Progressive multiple sclerosis is a significant disruptive neurodegenerative disease that interferes with the brain’s ability to control the body; the condition continues to get worse over time and, to date, has no known therapeutic treatment or cure.
Petrou Et. Al’s double-blind clinical trial examined the therapeutic efficacy of mesenchymal stem cell (MSC) transplantation in active progressive multiple sclerosis and explored the most favorable route of cell delivery (intravenous or intrathecal injections).
Prior to this study, previous trials examining various types of MSC administration in the therapeutic treatment of multiple sclerosis have demonstrated the clinical safety of MSC administration but have not identified treatments to suppress central nervous system (CNS) inflammation associated with the progression of diseases like progressive multiple sclerosis.
Several studies have also demonstrated that CNS loses the ability to repair and regenerate over time. Considering that stem cells, and specifically MSCs, have demonstrated to provide additional benefits, including immunomodulatory and neurotrophic effects, when used in the treatment of stroke and multi-system atrophy, they appear to be a viable potential therapeutic treatment for active progressive multiple sclerosis.
For the purposes of Petrou Et. Al’s study, a total of 48 participants with a mean disease (active progressive multiple sclerosis) duration of 12.70 years were included as part of this study either as part of a placebo group, MSC-IV group, or MSC-IT group; selected treatment was applied at 3-month and 6-month marks of the study.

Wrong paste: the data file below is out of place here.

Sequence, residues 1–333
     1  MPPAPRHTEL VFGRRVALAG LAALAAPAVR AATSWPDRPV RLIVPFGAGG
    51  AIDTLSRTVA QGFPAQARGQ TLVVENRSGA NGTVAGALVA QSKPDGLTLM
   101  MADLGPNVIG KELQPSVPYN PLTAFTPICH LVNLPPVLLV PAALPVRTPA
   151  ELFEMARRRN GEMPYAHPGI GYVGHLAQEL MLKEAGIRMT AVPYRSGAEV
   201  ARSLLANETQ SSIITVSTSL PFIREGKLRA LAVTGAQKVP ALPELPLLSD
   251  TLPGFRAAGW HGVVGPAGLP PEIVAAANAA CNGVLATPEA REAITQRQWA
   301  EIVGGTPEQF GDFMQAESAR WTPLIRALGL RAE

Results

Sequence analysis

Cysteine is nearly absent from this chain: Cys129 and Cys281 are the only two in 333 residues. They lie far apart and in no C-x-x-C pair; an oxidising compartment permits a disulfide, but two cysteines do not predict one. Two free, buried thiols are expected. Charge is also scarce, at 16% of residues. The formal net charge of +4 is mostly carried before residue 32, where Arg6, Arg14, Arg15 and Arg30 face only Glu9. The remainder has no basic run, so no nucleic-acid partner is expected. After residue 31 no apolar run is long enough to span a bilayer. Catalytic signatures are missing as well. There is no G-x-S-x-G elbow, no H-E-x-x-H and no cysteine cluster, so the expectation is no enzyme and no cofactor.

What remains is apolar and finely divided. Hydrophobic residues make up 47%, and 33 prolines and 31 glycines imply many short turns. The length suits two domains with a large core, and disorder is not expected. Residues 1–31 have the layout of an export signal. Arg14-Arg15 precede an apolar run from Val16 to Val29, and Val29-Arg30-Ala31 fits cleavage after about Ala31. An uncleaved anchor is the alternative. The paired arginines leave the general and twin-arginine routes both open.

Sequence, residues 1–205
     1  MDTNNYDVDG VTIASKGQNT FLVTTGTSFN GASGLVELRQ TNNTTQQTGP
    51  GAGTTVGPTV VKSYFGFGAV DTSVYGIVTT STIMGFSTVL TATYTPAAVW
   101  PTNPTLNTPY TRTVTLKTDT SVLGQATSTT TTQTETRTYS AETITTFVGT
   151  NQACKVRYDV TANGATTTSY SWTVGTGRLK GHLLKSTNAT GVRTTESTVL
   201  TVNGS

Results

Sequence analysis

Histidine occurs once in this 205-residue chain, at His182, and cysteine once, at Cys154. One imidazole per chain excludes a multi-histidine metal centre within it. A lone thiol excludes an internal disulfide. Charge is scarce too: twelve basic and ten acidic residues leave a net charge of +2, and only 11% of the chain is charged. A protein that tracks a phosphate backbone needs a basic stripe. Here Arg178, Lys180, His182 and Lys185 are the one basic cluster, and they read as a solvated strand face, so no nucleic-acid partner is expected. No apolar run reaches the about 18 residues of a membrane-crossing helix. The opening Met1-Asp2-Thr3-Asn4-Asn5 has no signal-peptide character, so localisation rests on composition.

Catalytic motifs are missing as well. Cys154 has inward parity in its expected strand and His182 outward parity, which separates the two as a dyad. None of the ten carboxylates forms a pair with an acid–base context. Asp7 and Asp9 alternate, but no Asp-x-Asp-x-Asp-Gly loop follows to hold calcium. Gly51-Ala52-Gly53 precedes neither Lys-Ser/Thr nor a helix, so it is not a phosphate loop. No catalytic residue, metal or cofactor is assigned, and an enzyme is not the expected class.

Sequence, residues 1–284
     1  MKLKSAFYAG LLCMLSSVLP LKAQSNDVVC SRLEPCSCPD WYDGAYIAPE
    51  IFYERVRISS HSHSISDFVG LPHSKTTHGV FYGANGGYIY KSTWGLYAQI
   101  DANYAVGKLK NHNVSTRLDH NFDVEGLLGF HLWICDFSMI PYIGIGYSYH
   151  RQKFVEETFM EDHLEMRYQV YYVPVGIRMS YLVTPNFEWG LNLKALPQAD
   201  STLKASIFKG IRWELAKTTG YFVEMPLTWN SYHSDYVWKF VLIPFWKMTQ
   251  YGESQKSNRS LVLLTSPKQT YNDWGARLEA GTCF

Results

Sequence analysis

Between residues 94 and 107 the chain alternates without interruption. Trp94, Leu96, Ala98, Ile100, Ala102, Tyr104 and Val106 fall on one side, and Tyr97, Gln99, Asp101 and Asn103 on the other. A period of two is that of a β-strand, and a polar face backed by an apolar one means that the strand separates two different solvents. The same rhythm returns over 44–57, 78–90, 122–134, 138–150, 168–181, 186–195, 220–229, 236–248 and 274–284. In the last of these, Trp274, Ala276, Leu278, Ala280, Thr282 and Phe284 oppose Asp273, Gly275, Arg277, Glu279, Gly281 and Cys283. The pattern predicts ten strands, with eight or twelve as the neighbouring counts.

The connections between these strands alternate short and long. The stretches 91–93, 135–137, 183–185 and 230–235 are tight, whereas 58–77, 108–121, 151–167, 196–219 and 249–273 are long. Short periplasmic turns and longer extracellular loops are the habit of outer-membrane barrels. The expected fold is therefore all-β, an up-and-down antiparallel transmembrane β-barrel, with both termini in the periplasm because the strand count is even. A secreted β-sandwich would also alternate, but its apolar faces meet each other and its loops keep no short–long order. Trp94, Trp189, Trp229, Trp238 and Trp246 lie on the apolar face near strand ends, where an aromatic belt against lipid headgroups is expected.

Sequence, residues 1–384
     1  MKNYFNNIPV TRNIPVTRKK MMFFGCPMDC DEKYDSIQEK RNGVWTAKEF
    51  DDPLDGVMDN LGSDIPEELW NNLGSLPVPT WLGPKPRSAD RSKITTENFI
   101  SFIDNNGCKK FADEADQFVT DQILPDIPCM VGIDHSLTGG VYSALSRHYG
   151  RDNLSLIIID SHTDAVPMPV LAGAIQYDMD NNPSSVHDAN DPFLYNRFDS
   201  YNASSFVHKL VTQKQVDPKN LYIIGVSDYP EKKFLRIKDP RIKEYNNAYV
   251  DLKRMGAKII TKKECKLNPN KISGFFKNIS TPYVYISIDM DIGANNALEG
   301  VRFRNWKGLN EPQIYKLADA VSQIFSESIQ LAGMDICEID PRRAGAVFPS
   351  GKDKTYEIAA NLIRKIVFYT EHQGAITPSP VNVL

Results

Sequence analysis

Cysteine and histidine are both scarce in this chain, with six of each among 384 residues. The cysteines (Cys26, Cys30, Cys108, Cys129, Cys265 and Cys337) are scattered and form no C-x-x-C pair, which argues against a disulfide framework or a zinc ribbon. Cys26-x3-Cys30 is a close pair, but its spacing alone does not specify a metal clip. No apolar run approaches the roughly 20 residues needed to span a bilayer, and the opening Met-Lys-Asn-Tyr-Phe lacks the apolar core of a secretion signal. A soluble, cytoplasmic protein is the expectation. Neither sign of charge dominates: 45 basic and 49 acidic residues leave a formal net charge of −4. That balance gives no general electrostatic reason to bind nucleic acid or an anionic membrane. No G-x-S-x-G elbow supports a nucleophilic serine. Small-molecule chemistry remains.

At the conclusion of this study, the authors report no serious, treatment-related adverse effects were observed and significantly fewer patients in the MSC-IT and MSC-IV groups experienced treatment failure when compared to the placebo group.
By reviewing changes observed in ambulation index, the sum of functional scores, 25-foot timed walking test, PASAT and OWAT/KAVE cognitive test, and the rate of change in T2 lesion load on MRI observed after the 6th-month treatment, researchers also found beneficial effects in both the MSC-IT and MSC-IV groups.
It appears that repeated intrathecal injection of MSC during the second round of treatment (Month 6) significantly improved the effects measured during the first round of similar treatment (Month 3); similar, but less significant benefits were also observed in the MSC-IV group. Specifically, researchers report that these observed benefits may indicate the involvement of immunomodulatory and neuroprotective mechanisms.
Of particular interest is the fact that the benefits with clinical significance were observed in participants with progressive multiple sclerosis found to be previously unresponsive to conventional immunotherapies and currently with limited treatment options.
In conclusion, this study found short-term clinical efficacy and perhaps neuroprotection by administration of MSCs to participants with progressive multiple sclerosis. The researchers also found that while repeated injections of both MSC-IT and MSC-IV produced beneficial effects, intrathecal administration appears to produce more clinically significant and observable benefits than MSC-IV.
These findings are recommended for use in the design of future studies examining the impact of cell therapy on neurodegeneration and neuronal regeneration and warrant Phase III study to confirm the therapeutic potential of cellular therapy in neurodegenerative and neuroinflammatory diseases, including multiple sclerosis.
Source: (2020, December 1). Beneficial effects of autologous mesenchymal stem … – PubMed., from https://pubmed.ncbi.nlm.nih.gov/33253391/